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No Purchase Necessary: Treasure Chest via Trash

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Project by JPWoodhead posted 08-09-2012 05:11 AM 1364 views 1 time favorited 7 comments Add to Favorites Watch

This toybox/cedar chest features 5 species of solid wood, a foreign plywood I was previously unaware of, and a tree that I played in as a child (which was also the first tree I milled by chainsaw for use in finished pieces. What do all of those components have in common? They were all free. The 3 front panels and 2 side panels are red oak butchered with hard maple (harvested from shipping skids). They are framed in yellow pine from left over framing jobs. The posts, rim for the lid, and personalized football are my hand milled american elm and the center of the lid was butchered from free shipping crates I picked up from an art dealer. The back panel is a european product known as Plyserol (also from art crates), and the cedar lining was once a picket fence. I spent roughly one month on this project, but the bulk of that time was due to me changing the design and materials layout every time I worked on the piece (one of my many neurotic pitfalls that prevent the timely completion of everything I create). Total cost of all materials used:$6.57.

-- Jon Porter's Haiku for the Workin' Man: Coffee, cigarette-Six a.m., Monday Morning-Warm Hug From Jesus





7 comments so far

View Ken90712's profile

Ken90712

15304 posts in 1933 days


#1 posted 08-09-2012 08:03 AM

Well done, Looks great…. Great price too as well as being Green.

-- Ken, "Everyday above ground is a good day!"

View robscastle's profile

robscastle

1880 posts in 949 days


#2 posted 08-09-2012 08:40 AM

Well that sure out does the table I made some time back from a pallet somebody decided to throw away.

I always enjoy working with timber that is not specifically intended for the job at hand.

It must be the reward of getting a final product done from something that was destined for the tipor some other less than plesant resting place.
Its a credit to you and a example of the workmanship that is capable of producing somthing that will last possibly a little bit longer than the run of the mill composite woods.

Regards

Robert Brennan

-- Regards Robert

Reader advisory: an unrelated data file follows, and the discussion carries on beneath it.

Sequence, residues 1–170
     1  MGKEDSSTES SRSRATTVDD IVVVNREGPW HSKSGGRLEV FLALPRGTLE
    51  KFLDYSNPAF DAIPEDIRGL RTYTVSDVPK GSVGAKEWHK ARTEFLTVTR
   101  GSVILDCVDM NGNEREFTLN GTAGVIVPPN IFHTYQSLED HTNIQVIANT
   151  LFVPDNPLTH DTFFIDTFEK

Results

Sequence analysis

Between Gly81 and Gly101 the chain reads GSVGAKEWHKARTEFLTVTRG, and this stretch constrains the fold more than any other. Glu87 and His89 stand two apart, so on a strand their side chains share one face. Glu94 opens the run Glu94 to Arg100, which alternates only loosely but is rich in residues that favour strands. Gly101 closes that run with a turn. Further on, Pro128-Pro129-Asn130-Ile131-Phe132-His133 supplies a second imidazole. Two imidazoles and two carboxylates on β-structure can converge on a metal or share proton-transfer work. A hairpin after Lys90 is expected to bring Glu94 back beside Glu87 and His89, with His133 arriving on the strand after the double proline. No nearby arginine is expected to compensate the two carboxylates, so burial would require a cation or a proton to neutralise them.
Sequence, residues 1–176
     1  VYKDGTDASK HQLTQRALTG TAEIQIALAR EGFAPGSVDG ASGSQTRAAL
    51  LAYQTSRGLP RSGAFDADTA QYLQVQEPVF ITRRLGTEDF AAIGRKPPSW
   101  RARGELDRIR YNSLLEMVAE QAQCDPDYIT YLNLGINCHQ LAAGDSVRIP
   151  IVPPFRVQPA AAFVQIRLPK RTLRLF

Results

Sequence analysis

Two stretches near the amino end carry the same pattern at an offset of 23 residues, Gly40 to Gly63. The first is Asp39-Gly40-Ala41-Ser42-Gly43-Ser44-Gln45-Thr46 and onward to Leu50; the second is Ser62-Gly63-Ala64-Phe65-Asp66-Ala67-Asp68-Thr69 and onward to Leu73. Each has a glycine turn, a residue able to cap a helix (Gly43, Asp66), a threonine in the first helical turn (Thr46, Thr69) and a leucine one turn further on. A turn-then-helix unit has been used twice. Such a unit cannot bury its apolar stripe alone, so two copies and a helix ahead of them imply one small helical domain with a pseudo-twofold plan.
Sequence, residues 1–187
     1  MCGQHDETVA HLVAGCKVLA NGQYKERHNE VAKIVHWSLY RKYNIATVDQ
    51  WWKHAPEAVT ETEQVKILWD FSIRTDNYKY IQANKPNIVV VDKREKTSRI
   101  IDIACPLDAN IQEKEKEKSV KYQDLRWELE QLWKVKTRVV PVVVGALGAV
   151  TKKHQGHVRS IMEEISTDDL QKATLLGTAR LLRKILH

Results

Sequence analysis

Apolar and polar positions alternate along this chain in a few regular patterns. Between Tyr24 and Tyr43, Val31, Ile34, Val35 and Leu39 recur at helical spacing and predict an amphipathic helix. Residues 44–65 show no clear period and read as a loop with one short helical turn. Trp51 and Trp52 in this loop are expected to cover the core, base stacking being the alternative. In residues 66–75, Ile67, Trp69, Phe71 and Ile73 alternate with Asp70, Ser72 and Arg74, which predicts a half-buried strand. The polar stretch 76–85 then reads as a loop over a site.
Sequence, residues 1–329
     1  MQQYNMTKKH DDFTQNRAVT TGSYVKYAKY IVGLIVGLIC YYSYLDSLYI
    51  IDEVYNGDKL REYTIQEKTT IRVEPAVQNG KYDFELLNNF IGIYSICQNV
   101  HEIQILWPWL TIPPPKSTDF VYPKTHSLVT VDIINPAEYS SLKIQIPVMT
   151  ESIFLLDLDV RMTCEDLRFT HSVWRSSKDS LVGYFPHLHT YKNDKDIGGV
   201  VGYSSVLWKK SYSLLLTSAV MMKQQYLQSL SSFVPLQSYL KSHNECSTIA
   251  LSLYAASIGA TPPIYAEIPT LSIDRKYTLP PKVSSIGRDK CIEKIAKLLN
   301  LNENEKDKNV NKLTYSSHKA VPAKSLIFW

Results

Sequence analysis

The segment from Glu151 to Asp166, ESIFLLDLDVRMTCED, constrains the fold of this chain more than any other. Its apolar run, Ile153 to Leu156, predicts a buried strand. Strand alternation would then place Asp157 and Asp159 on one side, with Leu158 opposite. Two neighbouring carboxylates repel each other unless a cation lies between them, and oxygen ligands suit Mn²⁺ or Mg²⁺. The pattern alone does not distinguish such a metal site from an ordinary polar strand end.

View HalDougherty's profile

HalDougherty

1820 posts in 1982 days


#3 posted 08-09-2012 10:31 AM

Great job, you’ve turned free supplies into something that is very valuable. If it wasn’t for free, or at least very cheap supplies, I’d never make anything. Those cheap supplies enable me to by some very expensive woodworking tools! I love it.

-- Hal, Tennessee http://www.first285.com

View nuttree's profile

nuttree

258 posts in 2069 days


#4 posted 08-09-2012 12:57 PM

I love it. It takes real talent and a sense of use to repurpose a material and incorporate it into a new design. You sir have talent and eye. Very nice.

-- I only went out for a walk and finally concluded to stay out till sundown, for going out, I found, was really going in. -John Muir

View Jason™'s profile

Jason™

85 posts in 872 days


#5 posted 08-09-2012 03:41 PM

Made it to the last pic and I was like hey that would fit my sons room perfect. I guess I need to send my shipping address now. My cam needs one of these I just have yet to work up to doing something like this for him

-- Im all night long!! all night .. all night .. ALL NIGHT LONG

View dbhost's profile

dbhost

5387 posts in 1977 days


#6 posted 08-10-2012 12:55 AM

Wow. Excellent job of keeping costs down, and smart utilization of resources!

-- My workshop blog can be found at http://daves-workshop.blogspot.com

View chopnhack's profile

chopnhack

368 posts in 1139 days


#7 posted 08-10-2012 01:24 AM

That’s awesome, so nice to see a project that can be done for so little! You couldn’t buy anything similar for anywhere near what you paid, simply outstanding. Kudos.

-- Sneaking up on the line....

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